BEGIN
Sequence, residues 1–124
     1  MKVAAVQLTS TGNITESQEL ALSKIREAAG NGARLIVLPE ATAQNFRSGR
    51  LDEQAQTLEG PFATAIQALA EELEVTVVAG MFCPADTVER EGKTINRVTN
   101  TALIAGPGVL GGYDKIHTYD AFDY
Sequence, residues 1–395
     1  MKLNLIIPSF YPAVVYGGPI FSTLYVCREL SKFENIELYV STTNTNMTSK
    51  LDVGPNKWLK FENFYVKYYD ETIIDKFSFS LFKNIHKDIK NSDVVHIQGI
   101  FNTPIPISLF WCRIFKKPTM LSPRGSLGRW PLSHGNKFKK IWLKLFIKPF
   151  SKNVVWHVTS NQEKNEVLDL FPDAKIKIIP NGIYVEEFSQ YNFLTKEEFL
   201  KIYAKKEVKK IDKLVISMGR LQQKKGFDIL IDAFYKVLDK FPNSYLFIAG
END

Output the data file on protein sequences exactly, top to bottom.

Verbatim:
Sequence, residues 1–124
     1  MKVAAVQLTS TGNITESQEL ALSKIREAAG NGARLIVLPE ATAQNFRSGR
    51  LDEQAQTLEG PFATAIQALA EELEVTVVAG MFCPADTVER EGKTINRVTN
   101  TALIAGPGVL GGYDKIHTYD AFDY
Sequence, residues 1–395
     1  MKLNLIIPSF YPAVVYGGPI FSTLYVCREL SKFENIELYV STTNTNMTSK
    51  LDVGPNKWLK FENFYVKYYD ETIIDKFSFS LFKNIHKDIK NSDVVHIQGI
   101  FNTPIPISLF WCRIFKKPTM LSPRGSLGRW PLSHGNKFKK IWLKLFIKPF
   151  SKNVVWHVTS NQEKNEVLDL FPDAKIKIIP NGIYVEEFSQ YNFLTKEEFL
   201  KIYAKKEVKK IDKLVISMGR LQQKKGFDIL IDAFYKVLDK FPNSYLFIAG